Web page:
In our last two posts “Planning your Inbound Marketing Strategy” & “Having Problems with Hubspot Software?” we discussed planning how to use Hubspot software effectively.
In the first post, “Having Problems with Hubspot Software?” we outlined the reasons companies may fail to implement many of Hubspot’s features and tools. In post two, “Planning Your Inbound Marketing Strategy” we talked about how a company should take the time to craft marketing strategy when setting up the Hubspot software portal.
Plan your Goals
Assign Task Responsibilities
Optimize your Content for SEO
Start a Publishing Calendar
Plan your Landing Pages
Prepare your Calls to Action
Create your Email Marketing Campaigns
Landing Page Elements
In this post we’ll talk about landing pages, or more specifically, building your first landing page if you are not familiar with the marketing funnel process.
“Landing pages” have one main function… to collect customer leads. Your company’s website needs to gather lead data and there is no better way to start than with targeted landing pages.
With value to offer potential customers on your landing page(s), you can begin collecting customer information even before your content publishing schedule is in place.
Building Your Landing Page
Hubspot offers a library of landing page design templates to get you started… However, each element on the landing page is instrumental in converting visitors to leads and the templates do little to help you understand the importance of each element’s function.
Here are the most important elements of a landing page template:
- Image or Hero Shot
- Call to Action
We’ll look at each of these elements to help you understand the importance of each and how to execute them effectively.
Headline - This is the opening statement on your landing page and it must grab the visitor’s attention. It needs to interest them in reading through your offer and promise them value. Here are some examples:
Discover the Sexy World of AutomationSpend More Time on the Golf Course & Less Time Managing Employees
Eat What You Want but Never Gain a Pound
A common practice is to use large, often colored font to present your headline.
Copy - Now that the visitor is interested in what you have to offer the rest of your landing page must align with the same excitement your headline offered.
In most situations, the copy on your landing page will be concise, with the only goal being to get your visitors to enter and provide their contact information.
Bullets/Features/Benefits - Each landing page needs to be easy to read and skimable. A highly recommended element is a list of bullet points. Most likely, these bullets will describe the benefits and value of the product or service you are offering.
Note the difference between “features” and “benefits” as they are commonly misused.
In our excitement to offer a value to our visitors we might think in terms of everything that is packed into our offer, similar to this:
- 52 pages jam-packed with information
- 5 hours of downloadable podcasts
- 2 in-depth interviews with industry leaders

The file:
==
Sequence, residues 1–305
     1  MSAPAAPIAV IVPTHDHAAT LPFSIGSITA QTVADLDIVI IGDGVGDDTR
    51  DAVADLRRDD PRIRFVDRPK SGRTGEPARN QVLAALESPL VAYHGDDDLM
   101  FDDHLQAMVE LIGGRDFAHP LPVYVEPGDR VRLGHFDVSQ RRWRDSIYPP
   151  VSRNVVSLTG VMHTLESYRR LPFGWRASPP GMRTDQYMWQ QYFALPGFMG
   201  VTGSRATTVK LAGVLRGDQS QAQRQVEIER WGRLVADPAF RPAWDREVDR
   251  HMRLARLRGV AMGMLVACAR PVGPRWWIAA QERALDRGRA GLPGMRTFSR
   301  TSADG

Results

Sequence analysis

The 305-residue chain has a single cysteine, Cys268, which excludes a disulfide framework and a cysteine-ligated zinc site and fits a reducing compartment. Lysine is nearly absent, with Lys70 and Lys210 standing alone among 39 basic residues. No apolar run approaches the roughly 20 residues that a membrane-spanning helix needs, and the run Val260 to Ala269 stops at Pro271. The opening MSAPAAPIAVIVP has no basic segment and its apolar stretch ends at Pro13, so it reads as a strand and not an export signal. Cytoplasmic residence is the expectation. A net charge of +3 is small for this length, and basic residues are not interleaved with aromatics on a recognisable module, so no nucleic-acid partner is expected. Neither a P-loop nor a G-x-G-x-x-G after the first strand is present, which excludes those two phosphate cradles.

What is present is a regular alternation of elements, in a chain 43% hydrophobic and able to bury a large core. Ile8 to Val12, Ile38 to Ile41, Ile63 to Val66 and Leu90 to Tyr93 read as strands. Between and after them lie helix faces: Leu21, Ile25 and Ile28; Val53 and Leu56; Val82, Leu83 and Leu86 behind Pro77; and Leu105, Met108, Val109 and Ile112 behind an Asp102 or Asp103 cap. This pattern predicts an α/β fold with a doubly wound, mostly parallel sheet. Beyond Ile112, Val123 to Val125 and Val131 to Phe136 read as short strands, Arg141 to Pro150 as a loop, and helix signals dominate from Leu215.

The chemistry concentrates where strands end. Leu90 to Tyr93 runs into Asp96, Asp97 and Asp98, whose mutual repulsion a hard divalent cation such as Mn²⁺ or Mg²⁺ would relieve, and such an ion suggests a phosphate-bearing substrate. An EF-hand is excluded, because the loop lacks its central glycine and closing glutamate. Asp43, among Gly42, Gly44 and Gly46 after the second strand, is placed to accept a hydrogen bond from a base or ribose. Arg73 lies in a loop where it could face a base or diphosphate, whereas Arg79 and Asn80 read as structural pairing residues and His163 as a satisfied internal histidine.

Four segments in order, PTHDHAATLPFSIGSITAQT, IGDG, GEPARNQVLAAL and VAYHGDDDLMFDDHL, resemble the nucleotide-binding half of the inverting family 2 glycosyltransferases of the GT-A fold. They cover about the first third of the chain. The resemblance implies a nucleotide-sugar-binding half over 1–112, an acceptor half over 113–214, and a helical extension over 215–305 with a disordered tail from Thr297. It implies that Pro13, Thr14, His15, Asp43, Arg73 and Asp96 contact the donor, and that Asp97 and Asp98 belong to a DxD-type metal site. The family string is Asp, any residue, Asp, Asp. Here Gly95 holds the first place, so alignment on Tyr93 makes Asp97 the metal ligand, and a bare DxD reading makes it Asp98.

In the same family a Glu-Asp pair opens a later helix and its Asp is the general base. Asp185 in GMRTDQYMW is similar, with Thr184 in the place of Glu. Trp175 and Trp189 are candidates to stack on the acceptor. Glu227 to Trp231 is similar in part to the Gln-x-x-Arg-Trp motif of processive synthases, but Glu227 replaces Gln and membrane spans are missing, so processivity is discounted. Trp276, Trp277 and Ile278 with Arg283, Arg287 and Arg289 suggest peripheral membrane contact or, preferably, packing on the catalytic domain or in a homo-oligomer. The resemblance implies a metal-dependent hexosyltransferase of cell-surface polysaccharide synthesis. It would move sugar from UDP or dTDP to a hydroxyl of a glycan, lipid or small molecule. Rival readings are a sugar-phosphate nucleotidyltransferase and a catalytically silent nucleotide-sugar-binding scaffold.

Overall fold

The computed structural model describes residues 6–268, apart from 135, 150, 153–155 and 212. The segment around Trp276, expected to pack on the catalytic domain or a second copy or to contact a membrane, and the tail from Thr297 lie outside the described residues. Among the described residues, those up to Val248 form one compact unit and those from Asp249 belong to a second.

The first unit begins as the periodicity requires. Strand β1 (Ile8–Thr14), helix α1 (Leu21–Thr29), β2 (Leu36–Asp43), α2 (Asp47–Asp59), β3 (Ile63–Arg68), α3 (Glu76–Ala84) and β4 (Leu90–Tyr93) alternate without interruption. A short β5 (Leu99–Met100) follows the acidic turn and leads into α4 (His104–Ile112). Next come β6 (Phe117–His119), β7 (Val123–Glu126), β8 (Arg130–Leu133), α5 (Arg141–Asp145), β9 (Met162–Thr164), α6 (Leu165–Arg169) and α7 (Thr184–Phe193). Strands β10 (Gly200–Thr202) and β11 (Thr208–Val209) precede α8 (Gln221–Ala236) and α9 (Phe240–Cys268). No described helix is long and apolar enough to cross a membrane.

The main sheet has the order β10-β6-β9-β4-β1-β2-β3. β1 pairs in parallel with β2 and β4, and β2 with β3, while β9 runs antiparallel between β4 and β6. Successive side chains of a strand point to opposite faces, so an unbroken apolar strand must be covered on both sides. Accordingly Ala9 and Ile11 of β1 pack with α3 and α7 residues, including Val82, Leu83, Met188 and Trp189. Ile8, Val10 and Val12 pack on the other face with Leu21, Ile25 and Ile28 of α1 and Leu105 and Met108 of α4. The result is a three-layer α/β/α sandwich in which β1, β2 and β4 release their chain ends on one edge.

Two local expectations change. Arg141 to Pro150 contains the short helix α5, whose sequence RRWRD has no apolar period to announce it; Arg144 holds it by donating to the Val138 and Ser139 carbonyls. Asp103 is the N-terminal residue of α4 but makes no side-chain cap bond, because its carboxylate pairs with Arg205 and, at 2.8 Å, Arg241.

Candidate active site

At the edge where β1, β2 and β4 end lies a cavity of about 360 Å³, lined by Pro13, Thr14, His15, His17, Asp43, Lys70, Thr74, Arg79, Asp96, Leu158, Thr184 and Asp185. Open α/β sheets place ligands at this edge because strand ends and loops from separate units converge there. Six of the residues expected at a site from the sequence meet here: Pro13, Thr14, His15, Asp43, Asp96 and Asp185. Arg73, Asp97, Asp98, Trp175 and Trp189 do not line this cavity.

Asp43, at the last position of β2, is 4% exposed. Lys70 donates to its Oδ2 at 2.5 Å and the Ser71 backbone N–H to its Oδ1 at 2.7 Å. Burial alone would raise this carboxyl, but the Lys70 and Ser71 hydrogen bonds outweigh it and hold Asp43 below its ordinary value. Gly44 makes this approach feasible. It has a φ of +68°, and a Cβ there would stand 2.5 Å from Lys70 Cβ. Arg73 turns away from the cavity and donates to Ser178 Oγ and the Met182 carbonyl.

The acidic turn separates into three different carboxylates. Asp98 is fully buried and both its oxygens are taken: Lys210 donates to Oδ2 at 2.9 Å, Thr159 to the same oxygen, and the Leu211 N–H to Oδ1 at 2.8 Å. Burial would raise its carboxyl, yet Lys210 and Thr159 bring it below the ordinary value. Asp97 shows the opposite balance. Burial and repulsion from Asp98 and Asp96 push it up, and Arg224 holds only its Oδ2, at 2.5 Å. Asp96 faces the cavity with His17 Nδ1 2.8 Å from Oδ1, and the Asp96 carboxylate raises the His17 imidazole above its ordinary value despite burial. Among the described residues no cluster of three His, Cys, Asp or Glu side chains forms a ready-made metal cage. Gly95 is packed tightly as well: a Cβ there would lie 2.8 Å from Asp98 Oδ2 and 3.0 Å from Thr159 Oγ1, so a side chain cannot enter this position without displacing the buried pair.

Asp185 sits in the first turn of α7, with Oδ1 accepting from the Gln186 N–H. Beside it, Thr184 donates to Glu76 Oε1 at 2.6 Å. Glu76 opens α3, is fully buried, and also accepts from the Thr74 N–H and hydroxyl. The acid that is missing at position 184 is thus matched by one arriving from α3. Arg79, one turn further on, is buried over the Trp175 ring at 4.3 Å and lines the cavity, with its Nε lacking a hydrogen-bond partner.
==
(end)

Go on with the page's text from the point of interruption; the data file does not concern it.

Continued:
While this is an impressive list, it doesn’t give the visitor any indication of how they will benefit from your offer. Here is a list of the benefits:
Save time with the top recommended tools listed in our Ebook
Listen to top-notch training while driving to work
Get valuable tips and tricks from industry experts
A feature is a description of the product and a benefit is how the visitor will add value to their lives because of it. In most cases you need only to describe the benefits.
Image or “Hero” Shot
Using an image on a landing page is strongly suggested. It provides a visual reinforcement of what the visitor will receive by signing up for the offer. But the image can be much more than a reference.
Hubspot users often show an image of the item they are giving away. This is usually an Ebook cover with the title and tagline of the item being offered.
While almost any image will increase conversions, including the ebook cover, a targeted photo image would be more evocative of the benefits a potential customer receives from your product or service.
Using the headlines we discussed above you could simply use an image of a men golfing.
Spend More Time on the Golf Course & Less Time Managing Employees
And for the eating and weight themed headline a picture of eating something unhealthy would work.
Eat What You Want but Never Gain a Pound
In order to gather information, you’ll need a lead form that asks visitors to fill in details. There are some important things to keep in mind here.
With a generic offer that entices multiple personas you should not ask for too much detail. The lead form on this landing page should be very short.
Ask for the visitor’s name and email address to start. Future landing pages that are further along in the sales funnel will be able to collect more information. However, when more information is asked of the visitor there is often a lower conversion percentage for your lead forms.
Calls to Action
At the end of your copy you should have one call to action (CTA) asking the visitor to sign up for your offer. Do not use generic CTAs. Instead, make the call to action specific to your offer, for instance:
- Sign Up Now To Start Saving Time
- Go Golfing - Enter Your Email Today
- Get Your Free Copy of “Eat How You Want” Now
The submit button and text on your form is also a type of call to action.
- Grab My Copy
- Get My Copy
- Download My Guide
- Get Started
Landing Page Creation, Tracking and Testing
Every company should have several landing pages. Each should be specific to an ideal persona and target where your visitors are in their product or service buying cycle. According to Unbounce, companies with less than 15 landing pages get far fewer leads than those with 15 landing pages or more. Once your landing pages are set up you should continually track and test them to improve your conversion rates.